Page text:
For both the targeted lobster and “redfish” stocks, the LPUE based indices indicate that stock size overall increased since the beginning of the current port sampling program (2011), when they were at a lower level. In this report, length-based indicators of fishing mortality levels are presented for the first time. This provides new insights on the exploitation status of the stocks. These indicators suggest that, despite the overall increase in stock size, the stocks are subject to overfishing, slightly for the lobsters, but more severely for the redfish. With the current declining trend in effort for the lobster fishery, it can be expected that the fishing mortality is declining. It is important to continue monitoring the fishery (and particularly length measurements of the landings) to see if the length-based indicator will reflect such a decline in fishing mortality in coming years. The situation is more worrying for the redfish fishery for which the recent trend is an increase in the fishing effort. This, combined with the indication that the fishing mortality of these stocks has been well above FMSY, suggest that management action is needed to bring the fishing mortality to lower levels. Again, continued monitoring of the fishery is essential, as well as improved biological sampling and reporting of the catches. The current ability to accurately estimate the status of individual redfish species is limited by the fact that the fisheries data is not reported by species. Being able to split the landings per species, either by encouraging the fishers to report landings per species, or by increasing the intensity of biological sampling, would, on the long term, provide a better basis to manage the “redfish” snapper stocks. The present study further suggests that three key finfish species, which are mainly landed as bycatch from the lobster fishery, are either being overfished (Queen triggerfish and White grunt) or are at the verge of being overfished (Red hind). The Queen triggerfish and Red hind formerly were common in the landings in the Dutch Caribbean but now still only have significant populations on the Saba Bank. Therefore, both of these species require a cautionary management approach as well.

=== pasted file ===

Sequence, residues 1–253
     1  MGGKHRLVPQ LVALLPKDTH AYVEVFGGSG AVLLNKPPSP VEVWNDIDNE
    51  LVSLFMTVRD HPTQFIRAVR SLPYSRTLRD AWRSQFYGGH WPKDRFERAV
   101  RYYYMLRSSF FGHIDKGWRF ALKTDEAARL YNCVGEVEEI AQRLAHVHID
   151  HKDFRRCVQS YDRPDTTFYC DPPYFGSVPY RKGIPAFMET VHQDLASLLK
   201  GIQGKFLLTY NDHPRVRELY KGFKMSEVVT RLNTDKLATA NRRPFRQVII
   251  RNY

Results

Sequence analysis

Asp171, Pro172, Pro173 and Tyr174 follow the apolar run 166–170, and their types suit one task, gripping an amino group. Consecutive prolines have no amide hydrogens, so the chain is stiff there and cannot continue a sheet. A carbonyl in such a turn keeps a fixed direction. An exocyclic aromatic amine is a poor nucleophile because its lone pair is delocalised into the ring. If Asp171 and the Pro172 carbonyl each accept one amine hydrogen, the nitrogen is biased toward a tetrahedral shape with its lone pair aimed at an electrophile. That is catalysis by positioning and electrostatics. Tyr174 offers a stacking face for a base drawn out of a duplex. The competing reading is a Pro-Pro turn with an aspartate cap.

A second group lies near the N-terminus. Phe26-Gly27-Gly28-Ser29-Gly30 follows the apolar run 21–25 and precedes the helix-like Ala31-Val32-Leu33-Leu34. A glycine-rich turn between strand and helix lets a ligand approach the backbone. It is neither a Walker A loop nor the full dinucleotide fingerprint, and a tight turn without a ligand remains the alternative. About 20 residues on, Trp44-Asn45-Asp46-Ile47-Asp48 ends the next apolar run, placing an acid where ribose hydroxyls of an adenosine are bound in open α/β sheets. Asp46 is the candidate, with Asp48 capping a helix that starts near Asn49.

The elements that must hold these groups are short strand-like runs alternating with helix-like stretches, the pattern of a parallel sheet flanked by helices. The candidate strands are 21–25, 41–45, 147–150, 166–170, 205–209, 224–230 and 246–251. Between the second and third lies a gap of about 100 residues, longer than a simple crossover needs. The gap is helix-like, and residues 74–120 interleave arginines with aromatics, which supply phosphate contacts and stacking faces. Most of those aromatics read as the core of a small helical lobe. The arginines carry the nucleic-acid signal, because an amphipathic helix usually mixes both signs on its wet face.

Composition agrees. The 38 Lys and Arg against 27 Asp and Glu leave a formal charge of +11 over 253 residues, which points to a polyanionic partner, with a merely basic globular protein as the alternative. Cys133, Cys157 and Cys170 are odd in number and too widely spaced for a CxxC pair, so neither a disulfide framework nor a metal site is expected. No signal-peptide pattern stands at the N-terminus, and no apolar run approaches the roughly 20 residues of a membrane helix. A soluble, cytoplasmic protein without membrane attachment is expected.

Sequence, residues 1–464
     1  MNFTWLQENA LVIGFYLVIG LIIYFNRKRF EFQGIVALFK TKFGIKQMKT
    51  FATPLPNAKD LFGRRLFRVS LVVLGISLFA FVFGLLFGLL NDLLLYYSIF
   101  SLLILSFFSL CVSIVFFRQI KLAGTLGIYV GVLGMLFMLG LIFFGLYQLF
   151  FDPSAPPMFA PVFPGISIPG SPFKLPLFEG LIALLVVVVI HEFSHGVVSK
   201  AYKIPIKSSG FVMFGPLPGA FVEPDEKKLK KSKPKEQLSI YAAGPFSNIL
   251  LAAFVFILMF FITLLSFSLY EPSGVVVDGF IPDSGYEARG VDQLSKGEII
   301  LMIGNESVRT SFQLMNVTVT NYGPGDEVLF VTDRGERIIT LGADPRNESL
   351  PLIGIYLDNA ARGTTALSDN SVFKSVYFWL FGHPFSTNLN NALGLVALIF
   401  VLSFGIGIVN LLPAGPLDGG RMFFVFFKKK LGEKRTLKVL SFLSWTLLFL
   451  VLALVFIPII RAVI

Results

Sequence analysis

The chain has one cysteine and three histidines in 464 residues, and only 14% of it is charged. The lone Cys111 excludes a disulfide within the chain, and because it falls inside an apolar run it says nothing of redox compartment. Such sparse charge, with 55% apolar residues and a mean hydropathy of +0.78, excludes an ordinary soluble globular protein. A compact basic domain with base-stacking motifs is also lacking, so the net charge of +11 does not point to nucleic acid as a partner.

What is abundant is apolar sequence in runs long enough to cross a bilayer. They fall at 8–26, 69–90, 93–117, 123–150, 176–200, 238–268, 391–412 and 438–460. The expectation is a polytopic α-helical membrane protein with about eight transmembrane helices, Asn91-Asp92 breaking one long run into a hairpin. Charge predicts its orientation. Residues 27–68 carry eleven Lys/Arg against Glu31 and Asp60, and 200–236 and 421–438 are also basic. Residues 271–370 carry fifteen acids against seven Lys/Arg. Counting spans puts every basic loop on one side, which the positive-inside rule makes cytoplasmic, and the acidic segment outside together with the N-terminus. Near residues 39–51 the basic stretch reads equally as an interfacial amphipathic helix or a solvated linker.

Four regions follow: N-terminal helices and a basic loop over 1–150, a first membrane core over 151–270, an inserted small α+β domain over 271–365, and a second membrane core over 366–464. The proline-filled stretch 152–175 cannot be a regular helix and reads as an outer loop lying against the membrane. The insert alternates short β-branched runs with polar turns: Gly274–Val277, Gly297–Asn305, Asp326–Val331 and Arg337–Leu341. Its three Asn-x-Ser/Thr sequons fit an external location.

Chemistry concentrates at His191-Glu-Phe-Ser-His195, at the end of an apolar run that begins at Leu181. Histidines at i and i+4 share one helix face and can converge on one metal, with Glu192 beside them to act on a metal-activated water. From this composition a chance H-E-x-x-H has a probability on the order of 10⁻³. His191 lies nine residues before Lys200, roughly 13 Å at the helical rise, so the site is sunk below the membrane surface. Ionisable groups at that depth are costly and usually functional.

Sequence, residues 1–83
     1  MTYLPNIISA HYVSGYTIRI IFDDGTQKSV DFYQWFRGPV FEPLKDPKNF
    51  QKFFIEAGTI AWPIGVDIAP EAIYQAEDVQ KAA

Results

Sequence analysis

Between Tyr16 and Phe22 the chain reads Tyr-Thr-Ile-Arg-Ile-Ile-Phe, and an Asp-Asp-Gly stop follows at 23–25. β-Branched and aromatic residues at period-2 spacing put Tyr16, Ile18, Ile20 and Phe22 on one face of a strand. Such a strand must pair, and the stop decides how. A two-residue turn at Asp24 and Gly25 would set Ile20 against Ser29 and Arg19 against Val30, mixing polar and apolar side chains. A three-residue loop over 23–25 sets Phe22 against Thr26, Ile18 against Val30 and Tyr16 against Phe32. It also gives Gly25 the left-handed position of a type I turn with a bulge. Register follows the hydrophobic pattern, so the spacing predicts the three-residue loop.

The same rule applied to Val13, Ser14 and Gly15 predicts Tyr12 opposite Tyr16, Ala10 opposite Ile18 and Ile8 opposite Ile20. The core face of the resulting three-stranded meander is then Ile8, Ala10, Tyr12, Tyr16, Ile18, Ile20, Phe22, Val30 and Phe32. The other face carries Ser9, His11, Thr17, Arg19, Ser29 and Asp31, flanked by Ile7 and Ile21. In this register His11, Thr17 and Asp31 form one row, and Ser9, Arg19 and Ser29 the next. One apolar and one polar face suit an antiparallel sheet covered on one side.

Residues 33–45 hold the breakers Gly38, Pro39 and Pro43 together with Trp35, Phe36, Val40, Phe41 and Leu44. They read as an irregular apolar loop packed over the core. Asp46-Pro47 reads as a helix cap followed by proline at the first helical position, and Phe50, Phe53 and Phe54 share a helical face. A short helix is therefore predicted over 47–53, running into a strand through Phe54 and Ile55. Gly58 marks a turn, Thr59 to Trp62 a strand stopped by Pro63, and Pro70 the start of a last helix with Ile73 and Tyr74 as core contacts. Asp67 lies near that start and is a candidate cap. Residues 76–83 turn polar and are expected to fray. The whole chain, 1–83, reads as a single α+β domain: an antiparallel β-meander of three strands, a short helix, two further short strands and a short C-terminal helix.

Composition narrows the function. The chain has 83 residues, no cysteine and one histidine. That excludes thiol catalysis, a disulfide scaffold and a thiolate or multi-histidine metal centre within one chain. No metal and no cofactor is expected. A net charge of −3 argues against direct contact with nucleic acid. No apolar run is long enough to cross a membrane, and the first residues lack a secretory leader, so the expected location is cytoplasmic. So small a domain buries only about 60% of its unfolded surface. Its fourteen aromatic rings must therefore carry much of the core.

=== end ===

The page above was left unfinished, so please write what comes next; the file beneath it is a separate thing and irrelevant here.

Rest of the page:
Data type
Research report
Research and monitoring
Report number
Wageningen University & Research report C062/21
Geographic location
Saba bank